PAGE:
Sunday, December 01, 2019

Advent 1 Year A 2019
Kevin Gore, St. Andrew’s Mountain Home

We are now passed Thanksgiving, which means in the eyes of modern American culture, it is now socially acceptable to begin the deluge of Christmas decorating, 24 hour holiday music radio, novelty sweaters, lights, and even inflatable lawn decorations.  I’m not disparaging any of that, though I personally like to keep Advent a little more separate from Christmas.  I also think it’s important to recognize that while we are rushing into the holiday season, as we gather here this morning, our readings might be a little jarring, especially for folks who are coming back to church as we near the holidays.  One could be expecting baby Jesus in a manager and here we are talking about the end of the world.

But there is a reason we begin Advent with readings that echo those we heard just two weeks ago from the Gospel of Luke that have such apocalyptic imagery.  And no, it’s not because of Black Friday’s annual sale fights.  We start Advent at the darkest but most hopeful point in the narrative of God’s people.  It reflects to us both a time before Christ’s birth, when the world was praying for the messiah to come, and now, after Christ’s ascension when the world is watching and waiting for his return. 

In Advent tradition each of the four Sundays are ascribed a word that sums up the theme of the readings.  This first week is ‘Hope’.  Hope is part of the Christian narrative and underpins our living in this in-between time waiting the return of our King of Kings.  The Gospel reading today talks about living in a time where we do not and cannot know when that return is.  It could be today, tomorrow, or another two thousand years from now.  No matter how many people write books about their own secret formulas for calculating the end of the world, Jesus makes it very clear that we don’t get to be privy to that information.

So how then are we supposed to exist in this middle space?  Jesus says, ‘keep awake’ and be ready for that unexpected hour.  We are given this world, and told that just like in the time of Noah we could be swept away at any time.  But St. Paul also reminds us that this doesn’t mean we spend it all sitting on our hands and waiting for the end.  Being reminded of Noah is to tell the listener that people got on with their business, even though God’s judgment was out there, on the cusp of overflowing onto their reality.  It’s about getting on with life and living out the commands of Christ while awaiting his return.

That’s the point of hope.  Advent is for expectant waiting, hopeful anticipation and we use the nativity of Christ as a backdrop to teach and understand how that feels as we apply it to the Kingdom to come.  We are reminded that either ignoring the end to come or constantly worrying about it will lead us astray from Christ’s path.  David Bartlett writes, “Those Christians who are agnostic about the last things are tempted to fall into a state of perpetual apathy.  Those Christians who are focused on last things are tempted to fall into a state of perpetual anxiety.  Our passage encourages faith rather than apathy and hope rather than anxiety.”

I’ll be the first to admit that I don’t like being caught off guard, but I also know that it is an important part of life.  We don’t get to plan out every moment, and frankly if we did I’m pretty sure we’d mess it up over and over again.  Often the best moments, connections, joys come out of the places we are least expecting or not watching.  What if, instead of worrying about being caught off guard, or worse, simply not caring anymore that Christ’s return is imminent, we look at our lives and take stock of ourselves.  What is it that we fear most about an uncertain future?  What drives us to apathy instead?  Are we living out the life that our Saviour, the one who’s name we call ourselves by, commanded us to live?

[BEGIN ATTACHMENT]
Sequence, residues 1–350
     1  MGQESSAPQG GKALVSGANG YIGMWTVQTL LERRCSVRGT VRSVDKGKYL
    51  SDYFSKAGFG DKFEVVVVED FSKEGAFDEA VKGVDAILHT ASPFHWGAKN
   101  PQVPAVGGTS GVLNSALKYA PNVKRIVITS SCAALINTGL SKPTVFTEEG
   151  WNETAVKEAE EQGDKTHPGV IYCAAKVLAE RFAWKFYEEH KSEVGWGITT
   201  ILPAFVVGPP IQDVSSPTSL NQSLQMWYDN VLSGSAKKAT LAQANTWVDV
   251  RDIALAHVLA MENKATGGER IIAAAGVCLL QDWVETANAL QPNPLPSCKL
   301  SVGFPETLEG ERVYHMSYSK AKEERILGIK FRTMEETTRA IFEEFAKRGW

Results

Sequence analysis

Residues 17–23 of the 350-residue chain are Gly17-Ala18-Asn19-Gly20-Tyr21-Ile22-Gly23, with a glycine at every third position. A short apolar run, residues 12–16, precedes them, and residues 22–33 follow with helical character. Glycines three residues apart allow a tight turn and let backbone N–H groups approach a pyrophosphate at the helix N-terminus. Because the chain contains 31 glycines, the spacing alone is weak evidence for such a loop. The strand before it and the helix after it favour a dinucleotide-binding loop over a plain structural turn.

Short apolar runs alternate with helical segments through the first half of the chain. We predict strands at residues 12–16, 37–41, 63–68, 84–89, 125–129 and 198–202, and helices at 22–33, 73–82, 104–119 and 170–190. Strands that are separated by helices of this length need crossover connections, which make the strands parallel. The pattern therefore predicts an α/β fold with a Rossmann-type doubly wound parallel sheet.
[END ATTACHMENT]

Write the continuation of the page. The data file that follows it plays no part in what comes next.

That isn’t just an Advent admonition either.  This is a part of living out our discipleship all year round.  We follow the path of the messiah who preached of forgiveness, of love, of reconciliation, and all of that takes a whole lot of heart.  We cannot be dulled to the compassion and love that are required of us because we spend all our time overwhelmed with the stresses of life.  On the other side of the coin, we also cannot spend all our time immersed in pleasure and escape.  Neither of these routes offers us a way that makes room for the heart to be present, aware, and ready to behold a vision of the Kingdom of God. 

The season of Advent is one of preparing for the arrival of Christ again.  It’s a time to take stock, to make ready our souls for God’s final judgment to arrive, and to keep the flame of hope kindled in our hearts.  We stand in the midst of the final stretch of God’s narrative.  A time between Christ’s incarnation and his return.  Author John Burgess says, “To live between the times is, above all, to trust and hope that God has begun, and will continue, to transform us more and more into the stature of Christ, in whom all of God’s mercy and loving-kindness becomes manifest.  Advent calls us into a continuing history of relationship with Christ who meets us whichever way we turn, whether toward the past, present, or the future.”

So, among all the hustle and bustle that will accompany the next 24 days, through the din of constant repeats of Christmas music, watching and rewatching all your favorite Christmas movies like It’s a Wonderful Life and Die Hard, the shopping and wrapping and decorating and baking, remember also that this is supposed to be a time of waiting.  Advent is a time for us to build up the anticipation of Christ’s incarnation, to spend time in prayer, to seek patience with everyone who gets so wound up about the holidays.  We’ll have time to celebrate Christmas when it comes, I promise.  For now, let’s begin our journey to the manger with the word for the first Sunday of Advent: Hope.